Can you believe there are only 9 more days left of Advent?! (Not counting today anymore.) That’s right, we are now in the third week of Advent – Gaudette, rejoice!
Gaudette Sunday marks the “halfway” point in Advent. We’ve made it through the first two weeks and now only have two left! For some, this knowledge brings more anxiety that it does joy.
Some years, I feel all organized and on top of all my lists and other years I feel more like punching this season in the face or hiding away from it in my closet with chocolate. Why is that?
Oh those darn expectations – always pulling us in every which way and making us feel guilty about everything we are not doing, blinding us to everything we are doing.
This isn’t what Advent is about, though – at least not what it is supposed to be. Originally, the intent of Advent was to prepare for the celebration of Christ’s birth – the glorious moment when God-became-man arrived from his hidden place within Mary’s womb out for all the world to know and worship.
It is a time of expectant joy. We await his birth, the celebration of it, with hope; expecting to have joy when the time comes. Much like a woman expecting a child.
Advent and Christmas were not intended as a time to turn that expectation around onto ourselves. But that’s exactly what’s happened. Instead of preparing and expecting the joy of Christ, we spend most of our Advent and Christmas trying to do everything that everyone expects from us or what we expect from ourselves. (Although, the latter is usually more than the former.) For most children, the innocent and the not-so-innocent, they still know how to wait expectantly…for the gifts they will receive.
Interestingly, at the very first Christmas there was only one person who received gifts – the baby Jesus. Everyone else was in such awe and filled with such joy, they had no need or desire for any other gift. God’s tangible presence was gift enough.
For most parents, by the time Christmas comes, they need a second Advent to wind down from the first.
It doesn’t have to be this way. Advent can be a hope-filled expectant time and Christmas can be a joyful celebration. It all depends on our…
We have to take the time to dig – and I mean deep. Down, down into the very core of our soles. There, we have to ask ourselves – What does God really expect from me? And what do I really expect from God?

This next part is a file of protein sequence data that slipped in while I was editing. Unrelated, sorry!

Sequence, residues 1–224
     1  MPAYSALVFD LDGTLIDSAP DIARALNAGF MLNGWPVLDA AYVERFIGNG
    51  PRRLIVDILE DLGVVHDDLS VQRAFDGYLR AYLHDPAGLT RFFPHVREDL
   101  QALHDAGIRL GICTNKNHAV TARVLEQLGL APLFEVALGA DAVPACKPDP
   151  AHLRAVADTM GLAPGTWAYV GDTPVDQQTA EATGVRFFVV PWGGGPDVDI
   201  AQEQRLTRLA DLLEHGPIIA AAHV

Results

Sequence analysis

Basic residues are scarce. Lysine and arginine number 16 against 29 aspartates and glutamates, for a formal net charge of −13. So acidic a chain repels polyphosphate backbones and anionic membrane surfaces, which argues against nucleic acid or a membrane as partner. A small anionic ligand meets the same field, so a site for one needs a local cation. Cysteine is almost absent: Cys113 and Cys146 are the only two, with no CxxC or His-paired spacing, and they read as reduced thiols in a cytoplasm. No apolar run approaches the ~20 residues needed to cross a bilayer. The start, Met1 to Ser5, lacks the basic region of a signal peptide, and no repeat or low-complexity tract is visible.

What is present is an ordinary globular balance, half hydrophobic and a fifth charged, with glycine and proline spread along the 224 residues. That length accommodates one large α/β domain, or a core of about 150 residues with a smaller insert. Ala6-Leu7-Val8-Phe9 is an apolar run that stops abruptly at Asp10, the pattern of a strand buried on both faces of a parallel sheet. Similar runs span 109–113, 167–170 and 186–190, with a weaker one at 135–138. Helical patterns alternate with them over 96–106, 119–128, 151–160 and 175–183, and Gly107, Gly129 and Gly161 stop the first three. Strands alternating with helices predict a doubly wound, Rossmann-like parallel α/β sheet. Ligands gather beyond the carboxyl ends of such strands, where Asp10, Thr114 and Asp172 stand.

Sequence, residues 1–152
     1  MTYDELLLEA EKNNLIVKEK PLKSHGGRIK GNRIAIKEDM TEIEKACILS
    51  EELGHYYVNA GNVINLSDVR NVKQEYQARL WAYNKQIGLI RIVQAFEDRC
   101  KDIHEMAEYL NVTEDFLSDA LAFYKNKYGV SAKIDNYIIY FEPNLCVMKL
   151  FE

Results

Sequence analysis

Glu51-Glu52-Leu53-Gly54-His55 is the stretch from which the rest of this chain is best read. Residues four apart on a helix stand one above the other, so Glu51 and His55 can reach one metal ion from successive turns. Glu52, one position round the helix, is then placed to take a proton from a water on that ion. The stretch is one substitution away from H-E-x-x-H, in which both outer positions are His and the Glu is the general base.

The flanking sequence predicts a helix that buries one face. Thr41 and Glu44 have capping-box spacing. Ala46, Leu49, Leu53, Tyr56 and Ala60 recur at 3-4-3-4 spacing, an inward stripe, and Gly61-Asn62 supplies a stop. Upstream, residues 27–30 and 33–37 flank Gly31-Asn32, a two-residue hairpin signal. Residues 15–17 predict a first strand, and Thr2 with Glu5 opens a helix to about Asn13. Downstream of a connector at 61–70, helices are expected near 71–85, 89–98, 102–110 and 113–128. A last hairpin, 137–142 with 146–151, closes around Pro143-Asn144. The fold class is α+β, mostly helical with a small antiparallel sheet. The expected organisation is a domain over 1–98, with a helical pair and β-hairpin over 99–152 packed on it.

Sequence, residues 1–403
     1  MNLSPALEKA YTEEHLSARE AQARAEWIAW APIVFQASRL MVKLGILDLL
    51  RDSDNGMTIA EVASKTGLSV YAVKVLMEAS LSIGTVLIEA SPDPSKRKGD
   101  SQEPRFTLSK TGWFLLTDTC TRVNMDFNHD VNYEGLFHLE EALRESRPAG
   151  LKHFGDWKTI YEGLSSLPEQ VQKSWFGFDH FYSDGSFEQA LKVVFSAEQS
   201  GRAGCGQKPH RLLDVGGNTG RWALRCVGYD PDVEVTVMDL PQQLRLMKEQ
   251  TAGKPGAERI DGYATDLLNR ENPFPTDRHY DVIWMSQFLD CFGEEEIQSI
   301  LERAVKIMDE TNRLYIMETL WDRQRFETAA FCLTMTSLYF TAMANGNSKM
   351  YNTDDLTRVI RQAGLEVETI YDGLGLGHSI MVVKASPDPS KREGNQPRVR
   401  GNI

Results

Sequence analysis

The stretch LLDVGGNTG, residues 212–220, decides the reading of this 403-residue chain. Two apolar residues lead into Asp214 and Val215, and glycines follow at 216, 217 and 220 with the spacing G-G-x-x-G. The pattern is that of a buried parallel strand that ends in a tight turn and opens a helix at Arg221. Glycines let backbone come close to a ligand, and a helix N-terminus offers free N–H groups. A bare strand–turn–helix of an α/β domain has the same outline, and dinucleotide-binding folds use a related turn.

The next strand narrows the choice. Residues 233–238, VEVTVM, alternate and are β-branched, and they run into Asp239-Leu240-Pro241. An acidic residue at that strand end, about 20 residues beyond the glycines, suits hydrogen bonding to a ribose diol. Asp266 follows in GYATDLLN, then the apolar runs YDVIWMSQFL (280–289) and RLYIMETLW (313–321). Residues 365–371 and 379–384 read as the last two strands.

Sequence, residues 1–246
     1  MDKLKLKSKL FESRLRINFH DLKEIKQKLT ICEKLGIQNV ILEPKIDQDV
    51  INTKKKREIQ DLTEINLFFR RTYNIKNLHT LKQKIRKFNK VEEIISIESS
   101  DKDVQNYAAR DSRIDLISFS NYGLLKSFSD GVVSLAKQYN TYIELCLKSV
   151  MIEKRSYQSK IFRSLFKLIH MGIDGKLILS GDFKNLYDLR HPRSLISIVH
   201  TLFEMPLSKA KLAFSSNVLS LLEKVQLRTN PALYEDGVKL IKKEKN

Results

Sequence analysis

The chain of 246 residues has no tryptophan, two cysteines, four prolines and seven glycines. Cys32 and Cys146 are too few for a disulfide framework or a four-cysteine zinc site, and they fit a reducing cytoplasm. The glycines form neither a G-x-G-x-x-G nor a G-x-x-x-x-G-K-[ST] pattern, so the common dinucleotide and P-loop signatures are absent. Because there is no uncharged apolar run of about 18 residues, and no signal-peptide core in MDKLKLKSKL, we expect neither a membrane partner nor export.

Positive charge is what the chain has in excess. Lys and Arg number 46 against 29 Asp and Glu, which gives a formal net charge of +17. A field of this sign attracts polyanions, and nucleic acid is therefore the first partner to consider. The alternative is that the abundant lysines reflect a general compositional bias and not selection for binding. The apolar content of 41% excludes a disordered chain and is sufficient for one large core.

I can’t tell you exactly what God expects from you but I can guess that the only thing He really truly expects from you is your love. It’s what He hopes for, what He longs for. He wants to give you His Love and He also wants to receive your Love in return. And the way we give God our love is by opening ourselves to receive His Love.
Gifts and sweets are fun and part of our current cultural traditions. All those picture-perfect Christmas cards are nice gestures, attending the various Christmas social gatherings are quaint and sometimes even fun, and bundling up in 3 layers of coats and long underwear to trudge through the cold singing Christmas carols off-key is also a fun tradition.
But as good as all those are in an of themselves, they aren’t necessary. And – most importantly – God does not expect you to do all that, or any of that.
The only thing God expects – hopes – from you is your faithful, pure, generous, unabashed and total love.
So if you’re feeling all frazzled and your chest is closing in on your heart, stop. Take a breath. Breathe. And then – pray.
Ask God to open your heart to His love during this last leg of Advent. Give Him all your “works” – all your to-do’s, all your gifts, all those baked goods and candies, all the cards, events, all of it. Give it Him and ask Him to use it all – for His Good, for His Will. And then, ask Him to take away anything that He doesn’t need, anything that isn’t necessary for the accomplishment of His Good Will. Trust. Trust Him completely.
Then – you will have peace. You will have expectant joy.
Copyright 2014 Erika Marie